Data Point No. 2: Every flavor of ops
IBM’s investment on IT operations, using artificial intelligence to augment IT systems, is important, but it’s only one piece of a much larger puzzle. Ops power every disparate corner of every business. Beyond IT ops, there are legal ops, finance ops, sales and revenue ops, marketing ops and many more ops functions that are increasing in size and value. Each individual ops department, with the right investments, can supercharge their teams. Companies who thrive will be the ones who make the right investments in individual ops teams that can supercharge every department.
Data Point No. 3: Resilience in the face of change
Even under the steadiest of circumstances, businesses encounter change. Technology breaks. Markets fluctuate. People evolve. Your company’s operational infrastructure must prove capable of accommodating such change, no matter what the world throws at you. Consider the challenge organizations have faced transitioning to a 100% distributed employee structure this year. The absence of in-office collaboration changed day-to-day workflows and necessitated the creation of new, virtual processes. Operations teams resided (and continue to reside) at the center of this work—of designing new workflows and ensuring, among other things, they accommodate employee preferences and needs.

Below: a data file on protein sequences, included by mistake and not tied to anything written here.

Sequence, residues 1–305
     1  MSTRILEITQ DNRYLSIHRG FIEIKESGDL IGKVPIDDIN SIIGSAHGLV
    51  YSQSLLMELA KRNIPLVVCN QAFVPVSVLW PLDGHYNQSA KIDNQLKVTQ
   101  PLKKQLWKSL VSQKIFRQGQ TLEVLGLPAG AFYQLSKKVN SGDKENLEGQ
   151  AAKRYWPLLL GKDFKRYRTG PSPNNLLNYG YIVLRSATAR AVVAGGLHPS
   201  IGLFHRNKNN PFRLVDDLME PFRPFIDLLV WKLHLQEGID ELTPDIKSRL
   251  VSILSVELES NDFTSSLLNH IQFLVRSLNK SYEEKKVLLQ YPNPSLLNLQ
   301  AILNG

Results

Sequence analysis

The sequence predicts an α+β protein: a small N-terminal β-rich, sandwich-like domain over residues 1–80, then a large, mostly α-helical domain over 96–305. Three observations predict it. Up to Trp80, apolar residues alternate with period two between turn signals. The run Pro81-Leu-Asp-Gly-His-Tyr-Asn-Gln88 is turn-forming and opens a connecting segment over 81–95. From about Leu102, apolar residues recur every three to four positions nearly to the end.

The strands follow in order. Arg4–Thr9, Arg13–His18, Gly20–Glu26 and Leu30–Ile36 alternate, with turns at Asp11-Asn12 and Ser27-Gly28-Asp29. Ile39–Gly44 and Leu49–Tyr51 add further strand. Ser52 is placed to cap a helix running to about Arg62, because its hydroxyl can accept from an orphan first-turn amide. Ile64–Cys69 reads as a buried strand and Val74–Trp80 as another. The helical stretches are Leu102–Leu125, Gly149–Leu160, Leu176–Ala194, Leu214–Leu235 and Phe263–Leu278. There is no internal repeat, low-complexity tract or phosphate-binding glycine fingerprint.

Data Point No. 4: Last mile problems
Every company has an undiagnosed “last mile” problem. There are plenty of tools out there to help employees become more efficient and reduce incessant data entry. But these tools often aren’t set up for unique organizational needs; they accomplish 80% of a workflow that’s similar across every company and leave the last 20% up to each individual organization to navigate. This ends up creating more manual work for everyone and manifests in wasted time and lost revenue. Operations teams, if properly equipped with the right adaptive platforms, can create automation-augmented workflows that actually do run end-to-end. As a result, they can liberate employees from the work they do to overcome bad processes and recover money and time that’s currently lost from bridging technological gaps.
Data Point No. 5: Connections to people problems
There’s a perception that automation, AI, ML and the like will fully replace jobs and put people out of work. In most professions that’s far from the case; automation tech stands to augment people by performing the most mundane, repeatable parts of some jobs, empowering employees to spend time on more high-leverage work.
Maintaining a “human in the loop” will be the best way to use automation and AI platforms to not just to accomplish one or two specific business outcomes, but to optimize employees and workflows holistically. And who is the department best equipped to manage those workflows? Operations.